Arachne was the daughter of a shepard who was famous for dying wools purple. Arachne was a gifted weaver and studied with the war god, Athena. Everyone knew of Arachne’s talent and beautiful tapestries that she weaved.
A nymph asked Arachne if she had learned her talents from the goddess Athena, but Arachne was too arrogant to admit she had ever had a mentor. She replied by saying no one’s work was as fine as hers, and didn’t care if Athena liked that or not. She also boasted that her work was beyond than that of any god.
Upon hearing this, Athena disguised herself as an old woman and went to Arachne to allow her a chance for redemption. She told Arachne that you must never anger the gods, and a human’s work never has no room for improvement. Arachne then said, “What do you know, you’re so old you’re probably senile! I don’t need your advice or Athena’s.” Athena had seen enough and revealed her true identity.
Upon revealing herself, Athena said, “Let it be so! A contest between you and I.” Arachne readily agreed to the challenge. Athena called the goddess, Envy, to be the judge. They weaved all night, and in the morning both tapestries were beautiful. Athena decided to depict the gods in all of their wondrous accomplishments in her tapestry. Arachne, on the other hand, decided to depict the gods in a negative light in her work. She showed Zeus and his many love affairs and a drunken Dionysus. Envy declared that both works were flawless, and she could not decide who the winner was.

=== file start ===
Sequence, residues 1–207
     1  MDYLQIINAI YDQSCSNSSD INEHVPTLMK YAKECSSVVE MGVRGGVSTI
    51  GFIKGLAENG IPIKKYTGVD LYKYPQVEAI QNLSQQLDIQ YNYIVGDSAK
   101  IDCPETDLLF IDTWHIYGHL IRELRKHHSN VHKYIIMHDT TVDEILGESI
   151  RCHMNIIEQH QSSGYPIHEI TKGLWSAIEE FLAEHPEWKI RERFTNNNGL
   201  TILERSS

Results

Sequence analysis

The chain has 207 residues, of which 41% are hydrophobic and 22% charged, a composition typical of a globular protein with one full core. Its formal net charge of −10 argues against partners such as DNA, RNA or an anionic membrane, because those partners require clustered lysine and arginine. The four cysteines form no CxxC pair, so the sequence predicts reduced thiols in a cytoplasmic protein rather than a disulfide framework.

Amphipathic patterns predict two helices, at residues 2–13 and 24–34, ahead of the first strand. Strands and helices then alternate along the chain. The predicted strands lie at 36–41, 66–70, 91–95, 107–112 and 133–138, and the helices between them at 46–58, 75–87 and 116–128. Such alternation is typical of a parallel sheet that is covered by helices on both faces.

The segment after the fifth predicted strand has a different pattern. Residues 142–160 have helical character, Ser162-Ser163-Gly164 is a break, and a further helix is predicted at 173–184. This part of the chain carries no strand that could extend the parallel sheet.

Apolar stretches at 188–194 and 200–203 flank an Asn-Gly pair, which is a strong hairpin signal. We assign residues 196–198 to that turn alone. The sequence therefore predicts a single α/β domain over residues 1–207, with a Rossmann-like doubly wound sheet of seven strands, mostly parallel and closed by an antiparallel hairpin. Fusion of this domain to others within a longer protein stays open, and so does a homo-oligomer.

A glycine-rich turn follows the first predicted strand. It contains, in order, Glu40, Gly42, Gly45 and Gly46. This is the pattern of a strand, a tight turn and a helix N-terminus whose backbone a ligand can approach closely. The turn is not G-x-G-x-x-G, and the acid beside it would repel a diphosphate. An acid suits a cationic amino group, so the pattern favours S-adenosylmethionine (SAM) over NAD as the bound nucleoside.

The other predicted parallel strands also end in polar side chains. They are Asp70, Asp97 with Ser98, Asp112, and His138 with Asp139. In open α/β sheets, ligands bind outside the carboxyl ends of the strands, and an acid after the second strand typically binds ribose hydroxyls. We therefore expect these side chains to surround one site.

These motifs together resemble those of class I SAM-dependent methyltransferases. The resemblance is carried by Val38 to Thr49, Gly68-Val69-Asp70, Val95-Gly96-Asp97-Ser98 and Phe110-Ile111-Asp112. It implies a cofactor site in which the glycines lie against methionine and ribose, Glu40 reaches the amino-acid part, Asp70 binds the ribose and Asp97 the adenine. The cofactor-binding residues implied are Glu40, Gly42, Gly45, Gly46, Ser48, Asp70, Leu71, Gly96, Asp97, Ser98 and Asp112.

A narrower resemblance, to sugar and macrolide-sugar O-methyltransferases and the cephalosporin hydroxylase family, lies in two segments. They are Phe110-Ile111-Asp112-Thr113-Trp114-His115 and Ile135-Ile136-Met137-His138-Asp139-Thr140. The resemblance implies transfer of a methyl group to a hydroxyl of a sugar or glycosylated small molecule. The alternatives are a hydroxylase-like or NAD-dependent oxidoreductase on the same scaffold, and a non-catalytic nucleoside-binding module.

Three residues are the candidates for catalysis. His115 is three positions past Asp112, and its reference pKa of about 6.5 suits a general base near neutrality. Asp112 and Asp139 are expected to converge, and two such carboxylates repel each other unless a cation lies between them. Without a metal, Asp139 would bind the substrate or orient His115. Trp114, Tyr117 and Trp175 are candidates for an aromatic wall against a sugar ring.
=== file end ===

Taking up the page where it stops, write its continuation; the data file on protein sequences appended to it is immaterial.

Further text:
Athena was very angry that Ariadne had insulted the gods in such a way. She ripped apart her tapestry and placed a curse on the girl. Suddenly, Arachne began to shrink and all of her hair fell out. She sprouted two more arms and legs and kept shrinking until she was just a large body with a small head and eight limbs.
Athena had punished Arachne by transforming her into the first spider. In this form, she would be cursed to be a weaver for all her life. However, nobody would be awed by these weavings as they were with her previous ones. It all has come true; today most people shudder at the sight of cobwebs and hurry to sweep them away.
Arachne’s story shows that you should never tempt the power of the gods. It is similar to the concept of respecting your elders; the gods were more powerful than the Greeks and were expected to respect that.
Another moral of the story could be that you should never boast or brag that you are better than others. If you do, there will be negative consequences for you.
Works Cited “Arachne: The Greek Goddess Who Became the First Spider.” Goddess Gift. 25 Feb. 2009. Kuchinsky, Charlotte. “The Myth of How the First Spider Came to Be.” Associated Content. 18 Apr. 2008. 25 Feb. 2009. McCaughrean, Geraldine. “Arachne the Spinner.” Barrington Middle. 25 Feb. 2009. “The Tale of Arahne.” Angelfire. 25 Feb. 2009.